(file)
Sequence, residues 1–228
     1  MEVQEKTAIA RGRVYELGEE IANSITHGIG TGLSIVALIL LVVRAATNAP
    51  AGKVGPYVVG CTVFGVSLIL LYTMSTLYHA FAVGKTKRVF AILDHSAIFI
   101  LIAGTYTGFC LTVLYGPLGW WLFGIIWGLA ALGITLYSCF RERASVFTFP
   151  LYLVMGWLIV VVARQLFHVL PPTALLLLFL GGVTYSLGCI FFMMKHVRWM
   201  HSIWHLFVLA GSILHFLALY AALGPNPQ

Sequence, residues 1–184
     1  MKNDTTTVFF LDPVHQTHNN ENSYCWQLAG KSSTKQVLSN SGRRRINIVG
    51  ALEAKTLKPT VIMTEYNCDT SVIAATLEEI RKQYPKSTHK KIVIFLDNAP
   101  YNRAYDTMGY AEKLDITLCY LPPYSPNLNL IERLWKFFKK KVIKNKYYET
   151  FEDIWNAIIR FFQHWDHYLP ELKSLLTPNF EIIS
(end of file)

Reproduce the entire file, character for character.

Sequence, residues 1–228
     1  MEVQEKTAIA RGRVYELGEE IANSITHGIG TGLSIVALIL LVVRAATNAP
    51  AGKVGPYVVG CTVFGVSLIL LYTMSTLYHA FAVGKTKRVF AILDHSAIFI
   101  LIAGTYTGFC LTVLYGPLGW WLFGIIWGLA ALGITLYSCF RERASVFTFP
   151  LYLVMGWLIV VVARQLFHVL PPTALLLLFL GGVTYSLGCI FFMMKHVRWM
   201  HSIWHLFVLA GSILHFLALY AALGPNPQ

Sequence, residues 1–184
     1  MKNDTTTVFF LDPVHQTHNN ENSYCWQLAG KSSTKQVLSN SGRRRINIVG
    51  ALEAKTLKPT VIMTEYNCDT SVIAATLEEI RKQYPKSTHK KIVIFLDNAP
   101  YNRAYDTMGY AEKLDITLCY LPPYSPNLNL IERLWKFFKK KVIKNKYYET
   151  FEDIWNAIIR FFQHWDHYLP ELKSLLTPNF EIIS